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Landowners need liability knowledge
MISSISSIPPI STATE – Landowners and farmers need to educate themselves about liability issues related to people on their land, regardless of insurance, signs or fees.
Becky Smith is with the Mississippi State University Extension Service’s Center for Economic Education and Financial Literacy. She recently organized a liability webinar to help Extension agents and landowners understand these issues, whether the land is private or open to the public.
“The most important lesson is for landowners to understand their responsibility in reducing risks on their property. All landowners need to do what they can to prevent accidents and document their efforts,” Smith said. “They can be held liable for injuries to invited friends, paid guests or unwanted trespassers. Protection is not just about posting signs and buying insurance.”
For the webinar, Smith enlisted input from Rusty Rumley of the National Agricultural Law Center in Fayetteville, Ark. Rumley said several considerations impact liability, including actions taken by a “reasonably prudent” landowner and how the visitors came to be on the land.
“Premises liability is based on the notion of negligence, or failure to exercise the care that a reasonably prudent person would exercise in similar circumstances,” he said.
A landowner’s degree of potential liability will depend on how people came to be on the land. Were they invited? Did they pay to come on the property? Did they ask permission? Was the landowner aware of their presence?
Rumley said that while posting “no trespassing” signs is a good idea, landowners cannot set traps to catch trespassers. Landowners should clearly define areas appropriate for visitors and customers.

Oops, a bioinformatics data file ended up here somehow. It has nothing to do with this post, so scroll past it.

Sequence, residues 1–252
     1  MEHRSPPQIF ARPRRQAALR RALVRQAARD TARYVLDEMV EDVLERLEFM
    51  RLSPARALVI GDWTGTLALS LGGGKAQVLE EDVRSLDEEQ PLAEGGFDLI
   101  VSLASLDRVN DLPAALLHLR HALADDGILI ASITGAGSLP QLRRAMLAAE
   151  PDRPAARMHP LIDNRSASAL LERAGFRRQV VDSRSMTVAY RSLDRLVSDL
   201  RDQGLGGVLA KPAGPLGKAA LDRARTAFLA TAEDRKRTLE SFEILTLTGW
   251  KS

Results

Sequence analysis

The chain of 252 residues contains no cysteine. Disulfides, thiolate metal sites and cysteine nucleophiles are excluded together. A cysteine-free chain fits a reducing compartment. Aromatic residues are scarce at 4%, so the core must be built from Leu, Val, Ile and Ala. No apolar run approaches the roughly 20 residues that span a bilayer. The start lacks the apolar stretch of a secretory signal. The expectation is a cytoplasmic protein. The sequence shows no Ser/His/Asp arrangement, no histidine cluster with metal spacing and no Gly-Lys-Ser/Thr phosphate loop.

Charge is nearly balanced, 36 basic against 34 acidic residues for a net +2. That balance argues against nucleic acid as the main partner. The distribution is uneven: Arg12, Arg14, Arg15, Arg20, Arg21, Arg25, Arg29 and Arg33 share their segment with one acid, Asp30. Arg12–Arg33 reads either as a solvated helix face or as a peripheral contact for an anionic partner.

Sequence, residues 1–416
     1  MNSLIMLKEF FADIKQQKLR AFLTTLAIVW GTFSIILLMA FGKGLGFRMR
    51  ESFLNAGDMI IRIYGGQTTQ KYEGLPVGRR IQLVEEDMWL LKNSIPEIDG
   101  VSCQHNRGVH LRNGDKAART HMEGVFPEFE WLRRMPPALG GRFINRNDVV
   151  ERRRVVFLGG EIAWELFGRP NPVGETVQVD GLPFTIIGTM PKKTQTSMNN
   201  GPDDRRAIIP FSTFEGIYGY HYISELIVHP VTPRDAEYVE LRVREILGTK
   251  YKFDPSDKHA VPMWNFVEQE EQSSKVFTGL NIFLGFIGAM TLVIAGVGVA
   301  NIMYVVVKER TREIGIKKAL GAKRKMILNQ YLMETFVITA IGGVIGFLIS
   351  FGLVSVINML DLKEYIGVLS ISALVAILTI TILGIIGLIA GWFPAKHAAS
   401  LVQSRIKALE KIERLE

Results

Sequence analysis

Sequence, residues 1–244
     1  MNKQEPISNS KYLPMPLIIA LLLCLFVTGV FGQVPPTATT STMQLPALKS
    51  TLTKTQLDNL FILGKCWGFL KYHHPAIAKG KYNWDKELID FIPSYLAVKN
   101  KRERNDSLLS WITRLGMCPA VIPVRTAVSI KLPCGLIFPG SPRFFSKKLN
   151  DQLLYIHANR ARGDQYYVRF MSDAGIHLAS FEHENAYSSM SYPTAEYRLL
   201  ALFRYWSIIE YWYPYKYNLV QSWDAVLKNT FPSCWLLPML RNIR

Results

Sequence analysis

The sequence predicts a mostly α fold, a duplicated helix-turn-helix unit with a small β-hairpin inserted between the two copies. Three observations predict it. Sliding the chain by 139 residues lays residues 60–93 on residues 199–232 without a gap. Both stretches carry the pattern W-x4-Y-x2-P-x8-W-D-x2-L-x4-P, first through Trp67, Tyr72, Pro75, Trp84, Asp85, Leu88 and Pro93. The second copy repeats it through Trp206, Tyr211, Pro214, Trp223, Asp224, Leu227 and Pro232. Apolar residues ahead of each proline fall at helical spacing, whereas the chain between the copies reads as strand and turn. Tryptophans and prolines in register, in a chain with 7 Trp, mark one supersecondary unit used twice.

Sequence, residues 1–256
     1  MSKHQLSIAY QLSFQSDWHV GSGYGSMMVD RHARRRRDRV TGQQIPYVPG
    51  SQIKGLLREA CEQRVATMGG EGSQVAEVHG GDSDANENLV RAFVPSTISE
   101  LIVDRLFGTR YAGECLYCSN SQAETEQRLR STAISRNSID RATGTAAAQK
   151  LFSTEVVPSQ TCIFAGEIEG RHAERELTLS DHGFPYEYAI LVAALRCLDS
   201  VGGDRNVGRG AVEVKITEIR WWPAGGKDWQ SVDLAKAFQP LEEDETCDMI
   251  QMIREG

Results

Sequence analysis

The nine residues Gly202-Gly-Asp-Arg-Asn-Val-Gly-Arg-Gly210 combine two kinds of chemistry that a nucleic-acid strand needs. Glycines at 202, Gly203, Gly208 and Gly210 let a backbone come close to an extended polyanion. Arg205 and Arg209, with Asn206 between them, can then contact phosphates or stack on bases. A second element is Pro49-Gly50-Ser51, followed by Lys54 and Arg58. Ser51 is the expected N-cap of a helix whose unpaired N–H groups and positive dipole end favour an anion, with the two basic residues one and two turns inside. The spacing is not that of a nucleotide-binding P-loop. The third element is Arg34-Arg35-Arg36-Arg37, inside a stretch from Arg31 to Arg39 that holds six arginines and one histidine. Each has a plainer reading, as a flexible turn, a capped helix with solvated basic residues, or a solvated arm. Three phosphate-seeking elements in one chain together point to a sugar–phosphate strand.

“Landowners have an obligation to warn guests of known hidden dangers, such as dangerous animals or obstacles, as well as a duty not to create situations that may injure them,” he said.
“When someone is on the land for business purposes, such as customers or employees, landowners have a general duty to use ordinary care to keep the premises reasonably safe for the benefit of the business invitee,” he said.
“There are agritourism statutes in about 20 states that exempt inherent risks (such as unpredictable animal behaviors or twisted ankles) from liability,” Rumley said. “Landowners still would be liable for intentional injuries or wanton disregard for the safety of others and if the owner knew of a potential risk -- or should have known -- but did not address it.”
Smith said the growth in agritourism businesses, such as corn mazes and U-pick fruit and vegetable farms, is also spurring interest in legal issues. Additionally, as legislation is established to protect landowners, more and more people are venturing into agritourism businesses.
“Landowners may want to contact their State Legislators about updating laws to protect them from liability. The Mississippi Legislature passed a limited liability law two years ago, and it is up for renewal this year,” Smith said. “Landowners and the state legislature need to be aware of the value of this legislation.”
Smith said there is confusion about where limited liability laws apply and where they do not.
“We need agritourism operators and landowners to understand the limits of the laws, whether they are recreational use or limited liability laws,” she said. “They need to know the importance of private insurance even though there are laws in place to provide some protection.”
For more information on agritourism and liability considerations, contact the local Extension office or Smith at email@example.com.